Mike Hilton, Ph.D.

Reissuance of PA-18-390, PA-18-391, and PA-18-413


The purpose of this announcement is to replace a series of recently expired Program Announcements in order to communicate the broad scope of research topics of interest to the Division of Epidemiology and Prevention Research at the National Institute on Alcohol Abuse and Alcoholism.

Advancing knowledge about the epidemiology of alcohol use is fundamental to improving public health. One prominent objective is to better understand the developmental trajectories of alcohol use, misuse, and alcohol use disorder. Studies have established that people who initiate alcohol use at younger ages are more likely to develop alcohol use disorders; however, much remains to be learned about factors that either accelerate or inhibit the progression from early initiation to frequent heavy drinking, and to the development of an alcohol use disorder. Research to elucidate the interplay between risk factors in this progression is of interest including identifying the ways in which epigenetic changes in gene expression are produced by interactions with environmental influences. Similarly, of interest, is research that identifies correlates of "maturing out" of heavy drinking, and provides a better understanding of how to support this phenomenon which happens in most individuals, but not all.

The ultimate goal is to identify and understand interactions of risk and protective factors that vary in salience over the life course, as well as by gender, ethnicity, and socioeconomic status, and to develop prevention strategies that can be tailored to optimize effectiveness for a particular subgroup or age category.

The outcomes targeted by prevention interventions can vary. For example, they may seek to reduce early onset, binge drinking, high-intensity drinking, and/or alcohol use disorders. Others may target health conditions including hepatic disease, cardiovascular disease, and cancer. Others target injuries or deaths attributed to traffic crashes, interpersonal violence, or suicide. The whole matrix of risk and protective factors by alcohol-related outcomes describes a rich set of potential interventions that can be developed and targeted.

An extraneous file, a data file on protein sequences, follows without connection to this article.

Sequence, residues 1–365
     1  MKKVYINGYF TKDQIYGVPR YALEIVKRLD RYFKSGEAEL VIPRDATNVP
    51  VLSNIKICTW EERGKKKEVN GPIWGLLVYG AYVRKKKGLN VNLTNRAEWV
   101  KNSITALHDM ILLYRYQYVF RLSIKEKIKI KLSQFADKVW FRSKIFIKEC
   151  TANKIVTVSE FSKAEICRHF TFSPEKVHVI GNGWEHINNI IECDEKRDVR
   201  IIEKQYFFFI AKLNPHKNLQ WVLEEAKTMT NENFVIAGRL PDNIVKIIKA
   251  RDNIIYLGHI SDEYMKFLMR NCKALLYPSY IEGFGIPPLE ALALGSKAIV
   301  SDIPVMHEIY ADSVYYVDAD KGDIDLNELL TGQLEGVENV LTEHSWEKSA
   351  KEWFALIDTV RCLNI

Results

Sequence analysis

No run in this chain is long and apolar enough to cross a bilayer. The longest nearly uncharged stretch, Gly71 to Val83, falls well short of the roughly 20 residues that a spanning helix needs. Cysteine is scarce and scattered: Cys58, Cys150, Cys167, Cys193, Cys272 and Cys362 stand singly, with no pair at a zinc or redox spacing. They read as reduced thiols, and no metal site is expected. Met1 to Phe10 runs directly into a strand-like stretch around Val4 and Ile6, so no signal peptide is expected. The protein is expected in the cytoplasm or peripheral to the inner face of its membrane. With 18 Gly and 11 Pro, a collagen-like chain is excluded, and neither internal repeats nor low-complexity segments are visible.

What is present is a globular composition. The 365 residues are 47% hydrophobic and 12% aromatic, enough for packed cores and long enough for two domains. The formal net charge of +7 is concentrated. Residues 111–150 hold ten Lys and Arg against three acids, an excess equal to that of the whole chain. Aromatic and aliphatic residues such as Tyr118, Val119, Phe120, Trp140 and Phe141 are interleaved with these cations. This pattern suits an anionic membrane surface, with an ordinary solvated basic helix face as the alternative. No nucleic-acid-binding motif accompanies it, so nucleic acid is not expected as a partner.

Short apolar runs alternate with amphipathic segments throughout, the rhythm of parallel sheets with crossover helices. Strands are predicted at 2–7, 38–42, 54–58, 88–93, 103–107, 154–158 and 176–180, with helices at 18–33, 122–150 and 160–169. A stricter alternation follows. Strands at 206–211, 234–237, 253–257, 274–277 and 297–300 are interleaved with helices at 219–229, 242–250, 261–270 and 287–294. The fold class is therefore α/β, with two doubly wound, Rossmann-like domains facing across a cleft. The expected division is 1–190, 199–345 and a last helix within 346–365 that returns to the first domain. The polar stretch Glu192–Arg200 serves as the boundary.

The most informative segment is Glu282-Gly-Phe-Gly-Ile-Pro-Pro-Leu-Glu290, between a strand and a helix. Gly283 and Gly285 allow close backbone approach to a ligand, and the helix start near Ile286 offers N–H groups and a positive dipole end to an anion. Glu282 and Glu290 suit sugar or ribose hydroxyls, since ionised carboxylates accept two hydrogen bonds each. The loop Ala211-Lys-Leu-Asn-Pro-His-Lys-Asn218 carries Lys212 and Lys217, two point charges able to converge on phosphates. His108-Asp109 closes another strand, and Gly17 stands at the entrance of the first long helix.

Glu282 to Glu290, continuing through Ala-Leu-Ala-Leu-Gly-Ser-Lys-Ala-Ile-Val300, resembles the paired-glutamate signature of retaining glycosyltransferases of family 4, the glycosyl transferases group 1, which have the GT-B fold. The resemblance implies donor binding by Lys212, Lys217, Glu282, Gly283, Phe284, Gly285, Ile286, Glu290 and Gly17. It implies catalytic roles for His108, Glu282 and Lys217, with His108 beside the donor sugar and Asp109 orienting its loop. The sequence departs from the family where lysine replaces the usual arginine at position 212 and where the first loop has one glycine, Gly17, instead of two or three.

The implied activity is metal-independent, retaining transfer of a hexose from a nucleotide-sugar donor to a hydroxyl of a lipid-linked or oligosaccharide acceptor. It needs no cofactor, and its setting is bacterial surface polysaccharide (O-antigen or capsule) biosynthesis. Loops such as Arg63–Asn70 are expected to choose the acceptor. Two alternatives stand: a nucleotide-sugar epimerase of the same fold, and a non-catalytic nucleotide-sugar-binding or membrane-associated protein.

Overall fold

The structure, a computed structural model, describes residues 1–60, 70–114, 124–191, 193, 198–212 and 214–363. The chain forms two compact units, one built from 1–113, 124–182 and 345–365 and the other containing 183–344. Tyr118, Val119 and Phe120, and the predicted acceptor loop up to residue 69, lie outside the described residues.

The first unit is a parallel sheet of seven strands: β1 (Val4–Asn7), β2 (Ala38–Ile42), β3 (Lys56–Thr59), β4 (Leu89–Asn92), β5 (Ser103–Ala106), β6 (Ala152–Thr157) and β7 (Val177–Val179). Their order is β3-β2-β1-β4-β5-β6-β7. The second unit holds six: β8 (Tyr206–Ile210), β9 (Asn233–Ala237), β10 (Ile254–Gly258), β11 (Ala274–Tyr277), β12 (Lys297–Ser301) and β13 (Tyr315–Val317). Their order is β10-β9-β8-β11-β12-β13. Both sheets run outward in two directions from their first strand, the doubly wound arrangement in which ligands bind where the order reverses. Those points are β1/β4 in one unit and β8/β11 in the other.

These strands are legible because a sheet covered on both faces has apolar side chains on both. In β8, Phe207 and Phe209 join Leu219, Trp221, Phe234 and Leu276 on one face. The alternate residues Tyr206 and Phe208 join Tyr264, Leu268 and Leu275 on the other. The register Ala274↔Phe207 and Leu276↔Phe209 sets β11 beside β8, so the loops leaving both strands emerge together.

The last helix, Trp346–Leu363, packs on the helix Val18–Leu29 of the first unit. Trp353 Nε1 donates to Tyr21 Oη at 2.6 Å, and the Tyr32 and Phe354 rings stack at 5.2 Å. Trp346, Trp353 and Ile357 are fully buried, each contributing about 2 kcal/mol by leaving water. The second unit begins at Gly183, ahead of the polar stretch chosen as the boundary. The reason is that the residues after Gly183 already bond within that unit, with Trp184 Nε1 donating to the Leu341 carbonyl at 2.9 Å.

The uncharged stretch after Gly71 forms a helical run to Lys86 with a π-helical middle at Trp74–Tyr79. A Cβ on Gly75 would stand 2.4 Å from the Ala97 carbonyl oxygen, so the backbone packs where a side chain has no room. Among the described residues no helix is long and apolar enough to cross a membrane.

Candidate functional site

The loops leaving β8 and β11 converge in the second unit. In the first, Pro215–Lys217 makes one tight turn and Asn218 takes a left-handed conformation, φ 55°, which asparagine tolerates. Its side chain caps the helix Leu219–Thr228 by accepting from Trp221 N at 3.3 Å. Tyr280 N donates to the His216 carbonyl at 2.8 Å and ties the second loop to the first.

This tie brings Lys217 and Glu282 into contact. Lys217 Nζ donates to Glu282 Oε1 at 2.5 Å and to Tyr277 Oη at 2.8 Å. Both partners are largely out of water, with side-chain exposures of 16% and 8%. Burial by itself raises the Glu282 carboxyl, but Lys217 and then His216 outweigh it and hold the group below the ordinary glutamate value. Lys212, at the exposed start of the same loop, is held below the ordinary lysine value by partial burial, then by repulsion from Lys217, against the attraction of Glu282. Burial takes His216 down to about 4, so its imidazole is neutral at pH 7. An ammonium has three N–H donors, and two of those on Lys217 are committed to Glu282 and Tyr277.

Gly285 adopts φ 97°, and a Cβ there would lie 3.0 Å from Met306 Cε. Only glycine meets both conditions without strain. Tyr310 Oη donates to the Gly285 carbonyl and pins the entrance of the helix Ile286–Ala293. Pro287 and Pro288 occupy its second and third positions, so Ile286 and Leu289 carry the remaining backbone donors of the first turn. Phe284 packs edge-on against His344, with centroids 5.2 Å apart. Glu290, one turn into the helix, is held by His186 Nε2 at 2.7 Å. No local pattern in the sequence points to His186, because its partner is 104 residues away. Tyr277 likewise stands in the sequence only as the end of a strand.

Given these considerations, NIAAA encourages applications in, but not limited to, the following areas:

  • Understand the interaction of alcohol use and other risk factors during gestation, childhood, adolescence, young adulthood, and midlife, and across generations, that lead or contribute to chronic diseases and health conditions.
  • Build a better understanding of alcohol misuse among women and identify and evaluate effective strategies to reduce alcohol misuse among females across the lifespan, with particular emphasis on adolescent girls, pregnant women, and breastfeeding women.
  • Examine the impact of simultaneous alcohol and drug use on unintentional and intentional injuries and how to prevent simultaneous use.
  • Identify the factors driving high-intensity drinking and evaluate strategies to reduce its prevalence.
  • Use ecological momentary assessment techniques to study the influence of mood states, environmental cues, and social contexts on the occurrence of heavy drinking occasions.
  • Develop and evaluate novel tools for screening and brief intervention for both alcohol and drug misuse.
  • Develop and evaluate interventions to prevent and reduce alcohol misuse by older adults.
  • Develop and evaluate strategies to prevent and reduce alcohol misuse among young adults, especially those in the military and the civilian work force.
  • Evaluate strategies to reduce harmful alcohol use in college and non-college populations.
  • Develop and evaluate strategies to prevent underage drinking.
  • Develop and evaluate culturally appropriate and effective interventions to reduce alcohol misuse in in NIH-defined minority health and health disparities populations.
  • Develop and evaluate prevention strategies tailored for specific populations and developmental periods when universal approaches are less effective.
  • Study the effect of public policy on alcohol use, other substance use, and alcohol related harms.
  • Support epidemiologic and systems science research to elucidate how biological, environmental, and behavioral determinants interact to impact alcohol misuse and related consequences.
  • Understand the nature and extent of harms that misuse of alcohol imposes on others and evaluate interventions to prevent or reduce such harms.
  • Examine the linkages between alcohol misuse and various health conditions, both mental and somatic, and develop and evaluate interventions for persons with such co-occurring disorders.
  • Develop interventions to prevent untoward effects of advertising, social media, and cultural influences on underage drinking.


  • Improved understanding of the developmental trajectories of alcohol misuse and alcohol use disorders.
  • Clarification of how those trajectories may differ by age, gender, race, and ethnicity.
  • Better understanding of the drivers of the maturing out process, which could be the targets of prevention efforts.
  • Improved understanding of “in the moment” cognitions and motivations that influence drinking episodes, as revealed by ecological momentary assessment research.
  • Monitoring to determine whether public policy choices reduce or increase problems associated with alcohol consumption.

Grant Mechanisms

We will use the R01 Research Project Grant, R21 Exploratory/Developmental Research Grant, and R03 Small Grant mechanisms.